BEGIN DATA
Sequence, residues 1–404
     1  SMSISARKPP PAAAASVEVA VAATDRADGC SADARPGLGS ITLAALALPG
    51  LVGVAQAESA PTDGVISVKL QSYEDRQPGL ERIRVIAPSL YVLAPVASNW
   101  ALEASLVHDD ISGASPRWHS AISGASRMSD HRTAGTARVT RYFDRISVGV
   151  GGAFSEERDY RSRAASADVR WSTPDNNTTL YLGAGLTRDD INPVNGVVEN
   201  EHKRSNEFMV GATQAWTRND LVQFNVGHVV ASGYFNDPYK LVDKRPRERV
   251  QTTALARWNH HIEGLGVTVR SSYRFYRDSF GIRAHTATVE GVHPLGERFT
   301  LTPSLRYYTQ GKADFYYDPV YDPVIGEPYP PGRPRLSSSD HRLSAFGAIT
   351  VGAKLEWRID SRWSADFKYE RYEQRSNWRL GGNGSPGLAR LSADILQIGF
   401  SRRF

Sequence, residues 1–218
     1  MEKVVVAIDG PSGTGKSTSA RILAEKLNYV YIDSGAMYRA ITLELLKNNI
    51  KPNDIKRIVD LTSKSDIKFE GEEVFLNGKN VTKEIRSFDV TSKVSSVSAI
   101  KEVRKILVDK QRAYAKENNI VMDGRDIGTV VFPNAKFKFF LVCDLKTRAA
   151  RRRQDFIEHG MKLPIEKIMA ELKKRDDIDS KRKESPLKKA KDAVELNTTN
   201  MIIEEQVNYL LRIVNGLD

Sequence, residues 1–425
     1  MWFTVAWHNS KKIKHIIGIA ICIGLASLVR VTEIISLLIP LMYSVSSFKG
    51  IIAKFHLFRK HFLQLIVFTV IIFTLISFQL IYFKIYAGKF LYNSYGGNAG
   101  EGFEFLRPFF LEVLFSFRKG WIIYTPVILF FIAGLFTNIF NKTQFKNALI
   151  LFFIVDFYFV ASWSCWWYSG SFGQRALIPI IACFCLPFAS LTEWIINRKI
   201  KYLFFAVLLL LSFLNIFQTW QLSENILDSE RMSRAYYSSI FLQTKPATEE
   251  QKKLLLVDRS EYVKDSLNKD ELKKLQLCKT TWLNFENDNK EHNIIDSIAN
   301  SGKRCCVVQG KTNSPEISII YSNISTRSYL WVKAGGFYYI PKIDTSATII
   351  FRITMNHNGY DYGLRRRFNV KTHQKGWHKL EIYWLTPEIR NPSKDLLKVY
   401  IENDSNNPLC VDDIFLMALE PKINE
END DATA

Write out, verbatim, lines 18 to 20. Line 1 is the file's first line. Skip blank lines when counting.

     1  MWFTVAWHNS KKIKHIIGIA ICIGLASLVR VTEIISLLIP LMYSVSSFKG
    51  IIAKFHLFRK HFLQLIVFTV IIFTLISFQL IYFKIYAGKF LYNSYGGNAG
   101  EGFEFLRPFF LEVLFSFRKG WIIYTPVILF FIAGLFTNIF NKTQFKNALI